The thing I miss most about Christmas is the anticipation. I remember as a small kid waiting eagerly for THE DAY, and not being disappointed, nor let down when it was over. Part of the disenchantment these days is the lead time, I think. In the old days, we didn’t start Christmas until after Thanksgiving. We had time to savor the buildup but not grow tired of the hype. From Advent Sunday until the fireworks at midnight on New Year’s Eve, the season glowed with excitement.
I was lucky enough to have both sets of grandparents in the same town and lots of extended family from both sides, so holidays were exciting and lots of fun for the kids. I don’t know how my folks figured out where we went when, but we always had time with both families and time for our own family and friends, too. But I’m sure, for the adults it was a little more hectic.
Hallowe’en was a blip on the calendar. We recognized it at school by drawing jack-o’-lanterns and ghosts, and maybe reading a semi-scary story, but it was not a pre-cursor to Christmas, just a fun reminder that fall was here and there were things to come. I lived in the country, so unless it was a weekend, when I could stay with my cousin, I didn’t even go trick or treating, and not too many of my friends did either. And we certainly didn’t see any Santa pumpkins.
November would bring us the Christmas catalog, and many hours spent leafing through it hoping and wishing, but Thanksgiving was yet to be honored so we didn’t speculate about Christmas doings because we had that other big day to prepare for with turkeys and pilgrims and stories of harvest feasts . As a pre-adolescent kid, the Christmas season didn’t begin until we returned to school from the four-day Thanksgiving weekend.
Then our art projects turned to seasonal crafts and gifts for the parents. Ornaments, pictures, maybe a calendar or hand crafted booklet, depending on the art ability and the inclination of the teacher involved. And we would start practicing for the Christmas assembly. Each grade would present something, usually a song or reading. Sometimes the older kids, fifth grade or so, would do a short play. And we’d have a Christmas party. Everyone would bring something to share. You can bet it was sweet whatever it was, and we would exchange gifts with the classmate whose name we had drawn. The principal would drop in with a Merry Christmas, and we’d be off to home early on the last day before vacation.
Even in high school, we’d prepare a concert featuring both the chorus and the band and we also had the expectation of the Christmas formal with themes like “White Christmas” or “Silver Bells.” (Because it was sponsored by Girls’ League the girls invited the boys to the dance.) We didn’t draw names in high school, but it was pretty easy to talk at least one teacher into a party in the classroom and we’d all gather in the study hall for the last hour and sing carols.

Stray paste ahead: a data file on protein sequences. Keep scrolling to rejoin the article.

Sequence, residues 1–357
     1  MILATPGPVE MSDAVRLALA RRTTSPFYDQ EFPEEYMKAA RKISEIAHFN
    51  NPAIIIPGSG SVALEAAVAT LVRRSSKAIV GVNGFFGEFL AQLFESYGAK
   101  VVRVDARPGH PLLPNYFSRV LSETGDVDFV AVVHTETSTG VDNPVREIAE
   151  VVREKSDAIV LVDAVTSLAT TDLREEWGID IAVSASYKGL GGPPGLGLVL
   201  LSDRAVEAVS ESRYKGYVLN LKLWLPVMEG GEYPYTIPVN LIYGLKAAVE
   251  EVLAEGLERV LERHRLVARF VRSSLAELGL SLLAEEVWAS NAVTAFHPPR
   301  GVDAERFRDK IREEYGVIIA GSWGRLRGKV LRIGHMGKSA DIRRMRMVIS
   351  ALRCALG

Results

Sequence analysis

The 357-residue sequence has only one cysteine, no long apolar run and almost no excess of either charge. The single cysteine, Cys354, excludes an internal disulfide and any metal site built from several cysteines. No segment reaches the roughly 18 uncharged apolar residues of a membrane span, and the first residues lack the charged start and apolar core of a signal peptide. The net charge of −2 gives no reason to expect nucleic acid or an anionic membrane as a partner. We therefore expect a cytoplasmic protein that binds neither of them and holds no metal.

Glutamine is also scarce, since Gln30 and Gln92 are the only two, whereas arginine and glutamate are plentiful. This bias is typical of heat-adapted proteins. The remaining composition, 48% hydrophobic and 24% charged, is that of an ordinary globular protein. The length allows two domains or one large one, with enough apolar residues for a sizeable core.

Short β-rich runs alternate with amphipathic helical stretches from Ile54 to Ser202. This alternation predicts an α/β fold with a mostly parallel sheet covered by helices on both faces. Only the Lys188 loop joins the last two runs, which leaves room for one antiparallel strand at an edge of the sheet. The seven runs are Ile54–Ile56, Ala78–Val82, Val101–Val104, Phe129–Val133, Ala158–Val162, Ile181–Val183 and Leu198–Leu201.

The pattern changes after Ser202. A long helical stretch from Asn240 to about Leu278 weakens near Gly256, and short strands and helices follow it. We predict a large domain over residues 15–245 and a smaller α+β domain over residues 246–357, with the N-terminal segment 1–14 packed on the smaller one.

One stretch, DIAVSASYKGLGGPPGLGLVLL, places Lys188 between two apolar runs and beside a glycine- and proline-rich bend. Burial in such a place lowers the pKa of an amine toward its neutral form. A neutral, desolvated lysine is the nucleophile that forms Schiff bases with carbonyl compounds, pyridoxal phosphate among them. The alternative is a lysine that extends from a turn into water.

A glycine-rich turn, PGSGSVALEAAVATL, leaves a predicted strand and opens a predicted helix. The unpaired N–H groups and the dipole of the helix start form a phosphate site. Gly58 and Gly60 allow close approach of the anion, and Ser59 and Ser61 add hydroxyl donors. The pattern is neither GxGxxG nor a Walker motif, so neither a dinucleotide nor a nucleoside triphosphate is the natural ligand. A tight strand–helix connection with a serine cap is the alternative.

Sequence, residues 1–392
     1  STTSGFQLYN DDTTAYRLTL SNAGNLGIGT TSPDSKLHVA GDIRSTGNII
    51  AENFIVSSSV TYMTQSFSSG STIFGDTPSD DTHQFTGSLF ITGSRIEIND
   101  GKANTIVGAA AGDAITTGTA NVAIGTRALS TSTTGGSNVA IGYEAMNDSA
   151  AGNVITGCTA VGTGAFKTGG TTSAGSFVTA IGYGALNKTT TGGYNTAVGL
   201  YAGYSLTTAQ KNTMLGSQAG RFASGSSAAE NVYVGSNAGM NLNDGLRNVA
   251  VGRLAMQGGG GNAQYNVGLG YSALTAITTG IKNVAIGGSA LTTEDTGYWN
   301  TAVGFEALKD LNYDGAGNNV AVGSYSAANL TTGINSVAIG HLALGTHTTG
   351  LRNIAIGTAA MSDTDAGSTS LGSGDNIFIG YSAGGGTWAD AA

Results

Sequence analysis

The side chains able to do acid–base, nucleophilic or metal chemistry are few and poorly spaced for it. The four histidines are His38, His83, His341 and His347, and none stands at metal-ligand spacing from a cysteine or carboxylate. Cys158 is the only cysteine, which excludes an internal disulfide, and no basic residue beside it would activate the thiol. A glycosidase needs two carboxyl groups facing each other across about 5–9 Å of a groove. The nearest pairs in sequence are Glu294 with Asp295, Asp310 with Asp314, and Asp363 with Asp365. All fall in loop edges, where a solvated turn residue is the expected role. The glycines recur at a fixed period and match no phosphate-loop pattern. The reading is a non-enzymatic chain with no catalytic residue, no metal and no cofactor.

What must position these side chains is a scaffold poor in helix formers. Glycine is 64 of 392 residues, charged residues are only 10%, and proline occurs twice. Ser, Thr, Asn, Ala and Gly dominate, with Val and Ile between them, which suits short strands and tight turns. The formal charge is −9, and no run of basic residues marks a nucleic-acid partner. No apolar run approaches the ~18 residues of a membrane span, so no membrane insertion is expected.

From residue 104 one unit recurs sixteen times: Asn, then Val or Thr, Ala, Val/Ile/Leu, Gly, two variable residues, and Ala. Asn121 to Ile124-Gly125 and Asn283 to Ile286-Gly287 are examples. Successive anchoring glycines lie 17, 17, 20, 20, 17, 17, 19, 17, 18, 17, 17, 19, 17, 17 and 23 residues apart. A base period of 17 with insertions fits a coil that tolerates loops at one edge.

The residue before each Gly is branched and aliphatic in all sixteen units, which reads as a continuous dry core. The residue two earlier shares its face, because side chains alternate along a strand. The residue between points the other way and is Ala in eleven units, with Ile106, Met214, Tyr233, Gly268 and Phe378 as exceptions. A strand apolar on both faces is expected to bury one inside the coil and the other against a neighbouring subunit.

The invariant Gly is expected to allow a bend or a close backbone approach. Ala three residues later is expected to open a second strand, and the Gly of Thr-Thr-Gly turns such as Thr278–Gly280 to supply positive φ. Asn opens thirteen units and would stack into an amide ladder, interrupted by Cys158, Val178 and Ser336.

Then it was home for almost two weeks of no school. This was time to decorate the tree and do our Christmas shopping. No one knew about Black Friday and Cyber Monday certainly didn’t exist yet. Every day was Small Business Saturday, as I lived in a little town with a dime store, and a locally owned department store to shop in. But we always found suitable gifts for everyone: cologne, water colors, comic books, or socks. Puzzles and paper dolls were also in the mix, and as we got older, records, books and earrings. The dime store could be counted on to produce the perfect gift for almost anyone.
Underlying all of this excitement and hoopla was the quiet message each December Sunday of preparing for a miracle. Every age group from Cradle Roll to Youth Group had a spot. The choir sang all the carols and one of the little kids recited the Christmas Story. Each year someone different did the honors, with the background of an elementary school Nativity. Moms held their breaths and teachers coached from the sidelines, but every time, it came off as a successful production.
Maybe what I miss these days is not being a child experiencing the joy of the Christmas catalog and traipsing up and down the streets singing carols as neighbors watch from their front porches. As adults we have lost something if we can no longer anticipate the beauty and mystery of Christmas so I guess it’s time to turn on the carols, finish the decorating, call my brother, and generally get in the mood. It only takes one “Merry Christmas” or “Happy Holidays” with a big friendly grin to remind me “’tis the season!” I just don’t want to start in October!
Virginia Walters lives in Kenai. Email her at email@example.com.